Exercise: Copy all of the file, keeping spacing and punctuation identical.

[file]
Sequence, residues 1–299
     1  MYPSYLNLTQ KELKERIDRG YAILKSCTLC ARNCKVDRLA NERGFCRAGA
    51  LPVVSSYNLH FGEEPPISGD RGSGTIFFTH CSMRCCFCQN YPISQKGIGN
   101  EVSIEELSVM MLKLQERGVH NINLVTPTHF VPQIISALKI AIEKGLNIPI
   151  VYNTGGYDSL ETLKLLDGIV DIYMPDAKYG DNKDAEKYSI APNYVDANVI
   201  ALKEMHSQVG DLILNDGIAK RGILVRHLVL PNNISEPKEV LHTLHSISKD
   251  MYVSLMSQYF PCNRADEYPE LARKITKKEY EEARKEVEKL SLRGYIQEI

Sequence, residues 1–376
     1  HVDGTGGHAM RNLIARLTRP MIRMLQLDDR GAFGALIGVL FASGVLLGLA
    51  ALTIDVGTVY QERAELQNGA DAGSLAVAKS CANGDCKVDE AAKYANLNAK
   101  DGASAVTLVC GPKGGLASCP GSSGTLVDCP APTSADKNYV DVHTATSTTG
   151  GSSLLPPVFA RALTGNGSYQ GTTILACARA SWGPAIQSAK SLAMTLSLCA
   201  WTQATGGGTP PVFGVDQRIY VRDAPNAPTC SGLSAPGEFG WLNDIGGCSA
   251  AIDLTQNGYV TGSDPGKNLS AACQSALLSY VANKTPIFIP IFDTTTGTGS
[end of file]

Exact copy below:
Sequence, residues 1–299
     1  MYPSYLNLTQ KELKERIDRG YAILKSCTLC ARNCKVDRLA NERGFCRAGA
    51  LPVVSSYNLH FGEEPPISGD RGSGTIFFTH CSMRCCFCQN YPISQKGIGN
   101  EVSIEELSVM MLKLQERGVH NINLVTPTHF VPQIISALKI AIEKGLNIPI
   151  VYNTGGYDSL ETLKLLDGIV DIYMPDAKYG DNKDAEKYSI APNYVDANVI
   201  ALKEMHSQVG DLILNDGIAK RGILVRHLVL PNNISEPKEV LHTLHSISKD
   251  MYVSLMSQYF PCNRADEYPE LARKITKKEY EEARKEVEKL SLRGYIQEI

Sequence, residues 1–376
     1  HVDGTGGHAM RNLIARLTRP MIRMLQLDDR GAFGALIGVL FASGVLLGLA
    51  ALTIDVGTVY QERAELQNGA DAGSLAVAKS CANGDCKVDE AAKYANLNAK
   101  DGASAVTLVC GPKGGLASCP GSSGTLVDCP APTSADKNYV DVHTATSTTG
   151  GSSLLPPVFA RALTGNGSYQ GTTILACARA SWGPAIQSAK SLAMTLSLCA
   201  WTQATGGGTP PVFGVDQRIY VRDAPNAPTC SGLSAPGEFG WLNDIGGCSA
   251  AIDLTQNGYV TGSDPGKNLS AACQSALLSY VANKTPIFIP IFDTTTGTGS